Friday, January 27, 2012


Last week’s #talkafricafashion discussion was very interesting. Our topic was "how designers should relate to bloggers (etiquette)" and it was hosted by US blogger @Ciaafrique.

So designers, these are the things you should do!
  • Make your email personal and specific. Do not send out an email with cc'ed addresses. If you must, bcc your mails.
  • Ensure you check you have the right addressee’s name. Nothing worse than sending an email to Mary and addressing her as Jane or John as Mark (you get my drift!)...Yikes!
  • Respect the bloggers.
  • Do not call up or repeatedly email the bloggers to harras them to publish your post. It’s their choice.
  • Research the blogger’s site and send your request accordingly.

Here are a few tips by one blogger participant @Mister_Mobility on how to position your blog.
  1. Make up your mind that you are not a news media. 
  2. That eliminates the need to publish every bit of news that comes your way.
  3. Set up a section/category for PR/Media as a paid service. 
  4. Do features on items that interest you. Stay objective though. No hating.
  5. Excellence is required. If you want to get paid, put in the work.
So remember bloggers that you are influencers!!

Thanks to all those who joined in and contributed.

So until next time, join us this Sunday around 2pm UK time for another dose of #talkafricafashion on Twitter.

Follow me @Brownschuga

Friday, January 20, 2012


Hello blogville! Hope you all had a fab Christmas and a memorable New Year too.
So here I am with another post about a discussion I started last week on Twitter.

Our discussion was on Talk Africa Fashion hashtag #talkafricafashion and it featured contributions from designers, bloggers, publications, online store owners, marketers and PR gurus from within the fashion industry.

Our topic was “challenges that designers face”. A lot of interesting points came up during the discussion, such as financing issues to branding and marketing, to lack of knowledge of the industry including quality control, pricing, business plan writing and lack of local infrastructures and artisans.

I wanted to share with you some of the solutions/points that came out of the discussion.
  • We talked about the importance of mentor schemes. How valuable it was to gain firsthand experience and maintain a partnership with an experienced designer which could help the designer as they grow their brand.
  •  We also looked at how important it was to have an impartial governing fashion council/body within the African fashion industry to financially assist and maintain some standards and regulations. The one challenge with this was how it would represent the different countries within Africa – having local bodies that report to a main one perhaps is the way forward?  Who knows! We are already seeing assistance from government funds and private investors contributing to the development of fashion in Nigeria and South Africa so this could be a path to explore in building the African fashion industry.
  • Networking and building relationships is imperative. It does not matter which business field you are in, in fact this could be the biggest factor that moves your brand forwards. It is not what you know but who you know that counts so never forget this saying! Through your networks you can then build up a valuable collaboration/partnership which can help your brand grow.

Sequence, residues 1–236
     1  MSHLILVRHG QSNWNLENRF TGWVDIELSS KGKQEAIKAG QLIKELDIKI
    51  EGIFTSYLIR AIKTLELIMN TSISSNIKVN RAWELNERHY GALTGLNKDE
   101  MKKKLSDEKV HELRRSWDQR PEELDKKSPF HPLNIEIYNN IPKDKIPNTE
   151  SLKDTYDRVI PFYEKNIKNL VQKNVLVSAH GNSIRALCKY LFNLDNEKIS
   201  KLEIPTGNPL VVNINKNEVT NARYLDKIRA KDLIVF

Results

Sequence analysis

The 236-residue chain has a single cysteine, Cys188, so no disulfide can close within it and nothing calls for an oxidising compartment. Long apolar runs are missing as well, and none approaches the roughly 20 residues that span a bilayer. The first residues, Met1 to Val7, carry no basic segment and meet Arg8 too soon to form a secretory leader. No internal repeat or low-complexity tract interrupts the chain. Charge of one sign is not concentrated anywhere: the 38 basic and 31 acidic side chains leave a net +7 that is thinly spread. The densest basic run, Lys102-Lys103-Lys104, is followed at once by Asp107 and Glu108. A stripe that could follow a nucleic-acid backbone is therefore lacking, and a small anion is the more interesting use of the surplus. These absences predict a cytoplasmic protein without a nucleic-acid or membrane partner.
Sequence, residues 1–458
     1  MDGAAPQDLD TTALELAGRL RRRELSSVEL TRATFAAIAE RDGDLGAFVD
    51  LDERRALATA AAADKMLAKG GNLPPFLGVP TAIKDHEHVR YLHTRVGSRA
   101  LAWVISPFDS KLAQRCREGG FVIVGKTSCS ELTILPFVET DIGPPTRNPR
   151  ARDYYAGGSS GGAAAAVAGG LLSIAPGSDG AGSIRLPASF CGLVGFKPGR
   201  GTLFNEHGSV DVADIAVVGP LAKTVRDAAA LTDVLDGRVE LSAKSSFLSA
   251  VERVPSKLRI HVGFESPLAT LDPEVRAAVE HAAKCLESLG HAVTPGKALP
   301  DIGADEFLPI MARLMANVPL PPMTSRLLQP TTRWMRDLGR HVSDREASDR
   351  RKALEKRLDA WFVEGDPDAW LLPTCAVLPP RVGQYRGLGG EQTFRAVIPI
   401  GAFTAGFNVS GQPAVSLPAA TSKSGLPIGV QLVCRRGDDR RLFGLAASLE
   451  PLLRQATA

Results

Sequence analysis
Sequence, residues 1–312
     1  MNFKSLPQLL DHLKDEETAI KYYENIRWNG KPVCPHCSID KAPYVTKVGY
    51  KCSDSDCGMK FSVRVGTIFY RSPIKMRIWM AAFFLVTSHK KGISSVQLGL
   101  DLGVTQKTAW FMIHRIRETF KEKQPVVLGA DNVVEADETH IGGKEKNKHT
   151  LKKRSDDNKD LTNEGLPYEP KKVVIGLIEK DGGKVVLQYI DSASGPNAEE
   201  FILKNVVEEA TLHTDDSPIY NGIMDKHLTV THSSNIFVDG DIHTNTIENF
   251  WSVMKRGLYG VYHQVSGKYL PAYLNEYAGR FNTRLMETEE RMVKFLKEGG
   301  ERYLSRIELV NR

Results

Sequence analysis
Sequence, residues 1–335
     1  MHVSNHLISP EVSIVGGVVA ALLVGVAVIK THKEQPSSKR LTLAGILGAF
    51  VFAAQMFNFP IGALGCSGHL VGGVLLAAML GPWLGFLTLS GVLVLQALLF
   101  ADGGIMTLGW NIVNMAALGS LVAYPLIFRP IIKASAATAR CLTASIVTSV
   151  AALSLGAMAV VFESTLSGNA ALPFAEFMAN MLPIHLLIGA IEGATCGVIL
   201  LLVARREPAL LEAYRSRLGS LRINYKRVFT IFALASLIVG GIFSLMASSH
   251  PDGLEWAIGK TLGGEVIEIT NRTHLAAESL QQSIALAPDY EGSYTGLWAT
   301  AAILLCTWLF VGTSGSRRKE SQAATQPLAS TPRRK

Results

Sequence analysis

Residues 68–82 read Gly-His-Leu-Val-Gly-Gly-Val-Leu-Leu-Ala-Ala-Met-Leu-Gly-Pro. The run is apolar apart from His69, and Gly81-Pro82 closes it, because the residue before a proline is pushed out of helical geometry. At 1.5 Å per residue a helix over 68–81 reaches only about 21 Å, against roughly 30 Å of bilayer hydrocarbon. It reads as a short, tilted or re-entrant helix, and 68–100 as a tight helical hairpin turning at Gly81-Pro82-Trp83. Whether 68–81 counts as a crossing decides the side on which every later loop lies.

•  For all those who think that fashion is in, yes it is but remember that fashion is not a picnic as someone pointed out in the discussion. It is very challenging but it can also be very rewarding. Nevertheless, you have to invest in it to profit and that is the simple truth!
  •  Also remember that Rome was not built in a day so start small and build momentum as you go along. You cannot be everything for your brand so don’t forget to delegate as you grow. Where your skills end, get someone to assist you. Ensure you maximise all available resources at your disposal too.
  • Be able to think creatively. Create a signature; something unique for your brand – workmanship/craftsmanship is what makes you memorable – this leads to innovation?
  •  Find the right avenues to reach your target market. Use social media and online blog sites and magazines that target your desired crowd. To generate sales, say no to fashion shows and yes to trade shows. Remember these shows are not cheap!
  •  Good quality and stylish designs is the feedback we got from a potential customer. So do your homework about what your target market needs before embarking on your business journey.
  •  Finally, throughout the discussion the point that kept cropping up was that of education. Education, education, education was the key to unlock most of the challenges that designers face. Gather knowledge about your target market and their needs, find out about how to write a business plan and raise funds for your business (most still forget that fashion = business), find out about branding, marketing, communication (press relations), positioning, quality control (detailing/finishing) etc

We all know the African fashion industry has the potential to become very big even Franca Sozzani of Vogue Italia has already recognised this potential so do whatever it takes to make your business a success!


A big thank you to all those who took part in the discussion, Lisa Folawiyo of Jewel by Lisa, Asake Agoro of Asakeoge, bloggers Ciaafrique and Afrosocialite, marketing and communications gurus BiosuPR, K Connection, VAG and Olivia Asiedu-Ntow.

Catch the discussion again Sunday from 2pm UK time. The topic is "media relations: how designers should relate to bloggers and publications" #talkafricafashion!

Until the next post, bye for now.